‘ Should we do some magic to make your earache go away?’ I asked the older one. He was all ears when I asked him to bring me a handkerchief. I roasted a handful of chick peas in a pan and tied them in the handkerchief to make a sack. ‘Please keep this sack on the frame of your ear and your pain will be gone in a few minutes’ I instructed. The magic was the heat retained by the chick peas for a longer time and that would keep the ache at bay.  The activity proved to be very interesting for the little fellow and he enthusiastically followed my instructions. It was such a relief to see all of them a bit less tired and bit more their usual selves.

It was almost lunch time, so I decided to make a quick stop at Neha’s house to see how her daughter Ria was coping with stomach flu. ‘ Hello, Aunty Rao!’ said Ria trying to sound enthusiastic, as I entered her room. Ria looked very lethargic but her young mind was alert and active. I wanted this child to be running in the corridors soon. ‘ I hope you are giving her plenty of fluids, Neha?’ I asked. ‘ Yes, aunty, I have put a jug full of rose drink with lemons, salt and sugar near her bed and she is taking it at regular intervals.’ replied Neha from the kitchen.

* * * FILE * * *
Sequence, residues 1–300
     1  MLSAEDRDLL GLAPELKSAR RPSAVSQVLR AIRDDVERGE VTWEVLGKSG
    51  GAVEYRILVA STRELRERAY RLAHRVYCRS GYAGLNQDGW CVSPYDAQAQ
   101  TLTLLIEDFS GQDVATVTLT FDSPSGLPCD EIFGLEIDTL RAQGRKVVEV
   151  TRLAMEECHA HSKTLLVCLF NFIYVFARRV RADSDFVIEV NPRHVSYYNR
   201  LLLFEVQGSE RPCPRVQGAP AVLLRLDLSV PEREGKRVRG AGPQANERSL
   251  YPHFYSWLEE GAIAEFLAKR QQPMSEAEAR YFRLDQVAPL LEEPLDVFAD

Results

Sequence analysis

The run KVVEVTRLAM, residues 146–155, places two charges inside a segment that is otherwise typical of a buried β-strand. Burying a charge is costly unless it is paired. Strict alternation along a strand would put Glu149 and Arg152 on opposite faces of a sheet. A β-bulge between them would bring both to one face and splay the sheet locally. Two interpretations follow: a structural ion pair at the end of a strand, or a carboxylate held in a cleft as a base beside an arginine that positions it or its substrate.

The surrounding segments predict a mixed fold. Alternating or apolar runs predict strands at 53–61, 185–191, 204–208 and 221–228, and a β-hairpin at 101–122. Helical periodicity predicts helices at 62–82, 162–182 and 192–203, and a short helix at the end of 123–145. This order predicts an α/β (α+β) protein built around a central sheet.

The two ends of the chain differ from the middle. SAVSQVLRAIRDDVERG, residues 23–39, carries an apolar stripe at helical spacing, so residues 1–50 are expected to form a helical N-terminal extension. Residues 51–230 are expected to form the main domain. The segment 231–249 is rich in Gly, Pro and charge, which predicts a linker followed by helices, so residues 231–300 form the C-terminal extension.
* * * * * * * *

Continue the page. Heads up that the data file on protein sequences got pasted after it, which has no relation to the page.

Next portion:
‘Is that rice that you are cooking there?’ I asked after I had a whiff from that direction.

‘Yes Aunty’..

‘Please dont throw the water once the rice has been cooked and give it to Ria, it will help to reduce her diarrhea.’

Two days later, as I sat in my balcony again, I saw happy faces playing in the play ground. Everything was normal once again. I could hear lot of happy sounds around and it gave me a warmth inside. Young bodies frail yet resilient are able to fight their physical battles not only because of their fast paced recovery mechanism but also because their minds are pure and when somebody tells them, “You are going to be fine soon”, they Believe that.

By Aunty Rao

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About Aunty Rao

Aunty Rao
Aunty Rao is a middle aged compassionate woman who loves to help and care for people around her. She shares a wonderful relationship with her neighbours and is a source of knowledge on homely affairs, thus is loved and respected by all. Aunty Rao represents a character which is present in every Indian family and has a treasure called experience which she uses effectively to make a difference in people’s lives.